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Science news that’s good for Lonesome George, bad for new car smell

In this July 21, 2008 file photo released by Galapagos National Park, a giant tortoise named "Lonesome George" is seen in the Galapagos islands, an archipelago off Ecuador's Pacific coast. Lonesome George, the late reptile prince of the Galapagos Islands, may be dead, but scientists now say he may not be the last giant tortoise of his species after all.

Galapagos National Park/AP

A roundup of the good, the bad and the just plain interesting from the week's science headlines:

Good news

Lonesome George, the late reptile prince of the Galapagos Islands, may be dead, but scientists now say he may not be the last giant tortoise of his species after all. Researchers say they may be able to resurrect the Pinta Island subspecies by launching a cross-breeding program with 17 other tortoises found to contain genetic material similar to that of Lonesome George, who died June 24 at the Pacific Ocean archipelago off Ecuador's coast after repeated failed efforts to reproduce. Edwin Naula, director of the Galapagos National Park, said in a telephone interview on Thursday that the probability is high it can be accomplished. "It would be the first time that a species was recovered after having been declared extinct," Mr. Naula said. But it won't happen overnight: "This is going to take about 100 to 150 years," Mr. Naula added. – The Associated Press

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Bad news

While new car smell may be appealing for some people, it risks shortening the lifespan of spacecraft surfaces and other sensitive instruments. Outgassing – the process that produces new car smell – occurs when materials release or emit some sort of substance as a vapour. (In a vehicle, this could come from materials used in manufacturing the dashboard or car seats.) But a group of NASA engineers have developed a sprayable paint that traps gases released from solvents, lubricants and other materials, preventing the vapours from sticking to equipment surfaces and extending the life of some instuments. The paint is very porous and works better than current methods, NASA said in a release. Next steps include tweaking the formula to make it more effective, and experimenting with different colours to find a coating that could absorb stray light to aid scientists with other research. – Aleysha Haniff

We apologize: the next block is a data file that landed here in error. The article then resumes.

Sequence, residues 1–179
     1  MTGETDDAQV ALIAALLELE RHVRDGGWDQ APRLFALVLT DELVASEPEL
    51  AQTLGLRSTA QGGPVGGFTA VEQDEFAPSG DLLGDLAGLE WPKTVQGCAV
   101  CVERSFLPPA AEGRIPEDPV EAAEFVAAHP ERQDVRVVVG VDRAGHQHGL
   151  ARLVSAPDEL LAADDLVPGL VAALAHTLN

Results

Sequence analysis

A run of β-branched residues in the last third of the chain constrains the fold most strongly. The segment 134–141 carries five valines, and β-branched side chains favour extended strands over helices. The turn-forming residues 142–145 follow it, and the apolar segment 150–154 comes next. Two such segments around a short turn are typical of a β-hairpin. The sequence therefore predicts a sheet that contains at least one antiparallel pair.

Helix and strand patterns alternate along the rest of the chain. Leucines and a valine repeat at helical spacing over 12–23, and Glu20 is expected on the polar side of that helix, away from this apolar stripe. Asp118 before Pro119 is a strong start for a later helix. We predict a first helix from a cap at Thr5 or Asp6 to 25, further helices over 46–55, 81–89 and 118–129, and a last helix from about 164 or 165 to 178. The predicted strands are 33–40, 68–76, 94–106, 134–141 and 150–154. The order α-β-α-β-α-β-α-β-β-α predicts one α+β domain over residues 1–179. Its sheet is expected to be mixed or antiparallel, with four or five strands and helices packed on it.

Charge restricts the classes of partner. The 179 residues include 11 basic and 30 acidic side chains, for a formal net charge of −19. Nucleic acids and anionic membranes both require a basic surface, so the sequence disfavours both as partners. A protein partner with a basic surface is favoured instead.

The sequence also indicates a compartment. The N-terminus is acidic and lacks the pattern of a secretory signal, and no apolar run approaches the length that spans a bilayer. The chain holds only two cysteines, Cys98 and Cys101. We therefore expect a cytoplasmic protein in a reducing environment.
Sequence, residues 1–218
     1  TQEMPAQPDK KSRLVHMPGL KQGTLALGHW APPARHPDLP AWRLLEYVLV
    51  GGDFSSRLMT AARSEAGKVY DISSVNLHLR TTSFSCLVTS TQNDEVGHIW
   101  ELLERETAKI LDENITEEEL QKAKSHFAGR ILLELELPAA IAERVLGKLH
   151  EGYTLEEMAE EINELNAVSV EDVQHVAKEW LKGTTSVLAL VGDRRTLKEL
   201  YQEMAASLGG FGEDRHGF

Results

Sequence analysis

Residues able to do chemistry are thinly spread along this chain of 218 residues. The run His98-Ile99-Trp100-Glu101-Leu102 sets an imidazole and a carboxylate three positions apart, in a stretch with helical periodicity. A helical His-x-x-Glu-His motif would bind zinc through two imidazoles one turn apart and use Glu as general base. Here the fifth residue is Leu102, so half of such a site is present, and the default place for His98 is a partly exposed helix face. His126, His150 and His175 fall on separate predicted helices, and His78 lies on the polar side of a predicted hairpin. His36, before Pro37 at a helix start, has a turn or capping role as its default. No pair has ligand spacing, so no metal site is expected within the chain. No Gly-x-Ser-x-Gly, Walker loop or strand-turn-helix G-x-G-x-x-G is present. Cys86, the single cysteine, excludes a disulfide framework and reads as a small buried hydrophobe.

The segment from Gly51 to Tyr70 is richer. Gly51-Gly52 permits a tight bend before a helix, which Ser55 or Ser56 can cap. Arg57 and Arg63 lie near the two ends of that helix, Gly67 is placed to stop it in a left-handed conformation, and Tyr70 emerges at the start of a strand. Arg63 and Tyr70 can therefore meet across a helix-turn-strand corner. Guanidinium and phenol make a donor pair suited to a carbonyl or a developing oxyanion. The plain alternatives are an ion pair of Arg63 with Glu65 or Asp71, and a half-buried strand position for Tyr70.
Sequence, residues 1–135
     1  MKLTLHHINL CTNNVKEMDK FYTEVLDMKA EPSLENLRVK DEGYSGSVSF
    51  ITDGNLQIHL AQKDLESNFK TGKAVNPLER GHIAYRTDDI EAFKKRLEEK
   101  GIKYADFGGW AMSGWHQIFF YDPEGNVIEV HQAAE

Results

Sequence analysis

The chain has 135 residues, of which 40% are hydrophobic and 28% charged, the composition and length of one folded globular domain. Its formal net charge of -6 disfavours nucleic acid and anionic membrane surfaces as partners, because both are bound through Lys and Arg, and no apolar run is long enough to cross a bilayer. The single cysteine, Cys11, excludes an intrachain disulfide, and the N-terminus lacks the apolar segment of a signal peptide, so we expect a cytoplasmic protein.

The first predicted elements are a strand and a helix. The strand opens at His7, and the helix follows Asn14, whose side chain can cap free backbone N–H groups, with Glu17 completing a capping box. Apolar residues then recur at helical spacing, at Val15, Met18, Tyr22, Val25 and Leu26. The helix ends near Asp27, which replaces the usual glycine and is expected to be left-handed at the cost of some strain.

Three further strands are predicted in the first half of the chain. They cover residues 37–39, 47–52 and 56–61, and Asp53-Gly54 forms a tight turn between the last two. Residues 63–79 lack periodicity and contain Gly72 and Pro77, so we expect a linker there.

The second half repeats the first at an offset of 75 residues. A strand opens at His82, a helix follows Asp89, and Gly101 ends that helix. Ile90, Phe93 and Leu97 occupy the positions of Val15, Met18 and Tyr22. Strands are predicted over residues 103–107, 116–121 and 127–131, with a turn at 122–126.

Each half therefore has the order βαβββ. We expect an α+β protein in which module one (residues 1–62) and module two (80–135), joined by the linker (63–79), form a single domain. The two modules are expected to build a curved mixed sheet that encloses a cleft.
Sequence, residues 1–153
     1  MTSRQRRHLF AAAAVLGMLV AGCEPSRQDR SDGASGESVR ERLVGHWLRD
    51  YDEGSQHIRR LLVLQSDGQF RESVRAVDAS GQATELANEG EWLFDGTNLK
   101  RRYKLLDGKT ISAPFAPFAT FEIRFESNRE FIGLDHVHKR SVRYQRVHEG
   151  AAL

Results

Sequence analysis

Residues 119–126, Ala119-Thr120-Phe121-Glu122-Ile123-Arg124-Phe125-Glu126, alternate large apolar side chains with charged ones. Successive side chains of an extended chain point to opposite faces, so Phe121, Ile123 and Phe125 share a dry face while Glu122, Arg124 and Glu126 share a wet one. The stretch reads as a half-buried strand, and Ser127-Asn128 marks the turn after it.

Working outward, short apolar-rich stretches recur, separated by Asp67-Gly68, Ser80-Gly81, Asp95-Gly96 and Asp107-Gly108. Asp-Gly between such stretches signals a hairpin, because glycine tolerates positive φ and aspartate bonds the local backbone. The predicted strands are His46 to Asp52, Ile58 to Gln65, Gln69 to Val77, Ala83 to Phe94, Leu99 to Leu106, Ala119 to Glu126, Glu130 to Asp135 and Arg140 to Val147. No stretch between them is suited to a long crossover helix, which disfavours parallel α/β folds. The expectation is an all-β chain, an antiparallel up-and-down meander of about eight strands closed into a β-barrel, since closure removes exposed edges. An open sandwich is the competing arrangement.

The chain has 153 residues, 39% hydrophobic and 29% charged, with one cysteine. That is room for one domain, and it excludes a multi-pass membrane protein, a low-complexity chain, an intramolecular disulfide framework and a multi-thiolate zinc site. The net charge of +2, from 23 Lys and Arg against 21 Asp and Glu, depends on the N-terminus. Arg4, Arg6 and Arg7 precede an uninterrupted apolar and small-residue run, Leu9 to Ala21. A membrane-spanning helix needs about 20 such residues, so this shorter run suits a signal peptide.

Just news

Researchers who studied 4D scans of 15 healthy fetuses say they think yawning is a developmental process which could potentially give doctors a new way to check on a baby's health. While some scientists have previously suggested that fetuses yawn, others disagree and say it is nothing more than a developing baby opening and stretching its mouth. But writing in the journal PLOS ONE on Wednesday, British researchers said their study was able to clearly distinguish yawning from "non-yawn mouth opening" based on how long the mouth was open. "Unlike us, fetuses do not yawn contagiously, nor do they yawn because they are sleepy," said Nadja Reissland of Durham University's psychology department, who led the study. "Instead, the frequency of yawning in the womb may be linked to the maturing of the brain early in gestation." – Reuters

Just like humans, a new study finds that chimpanzees and orangutans often experience a mid-life crisis, suggesting the causes are inherent in primate biology and not specific to human society. Since 2002, studies in some 50 countries have found that well-being is high in youth, plunges in mid-life and rises in old age – a U-shaped curve also seen in apes in this study. Why the similarity? It could be that their societies are close enough to the human variety that social, and not only biological, factors are at work, said economist Andrew Oswald of the University of Warwick in England and a co-author of the paper. But an evolutionary explanation is even more intriguing. "Maybe nature doesn't want us to be contented in middle age, doesn't want us sitting around contentedly with our feet up in a tree," Prof. Oswald said. "Maybe discontent lights a fire under people, causing them to achieve more" for themselves and their family. The research was published on Monday in the Proceedings of the National Academy of Sciences. – Reuters

Forget pencils and workbooks: Scientists testing what they hope might become the classroom of the future have found that "Star Trek"-style multi-touch, multi-user desks can boost children's maths skills. A three-year project with 400 eight to 10 year olds found that using interactive "smart" desks built into the classroom's furniture can have benefits over doing math on paper, and that pupils are able to improve their fluency and flexibility in math by working together. "Our aim was to encourage far higher levels of active student engagement, where knowledge is obtained by sharing, problem-solving and creating, rather than by passive listening," said Liz Burd of Britain's Durham University, who led the study. The research team, whose findings were published in the journal Learning and Instruction, designed software and desks that recognize multiple touches on a desktop using infrared light vision systems. Prof. Burd's team found that 45 per cent of pupils who used a math program on the smart desk system increased the number of unique mathematical expressions they created, compared with 16 per cent of those doing it on paper. – Reuters

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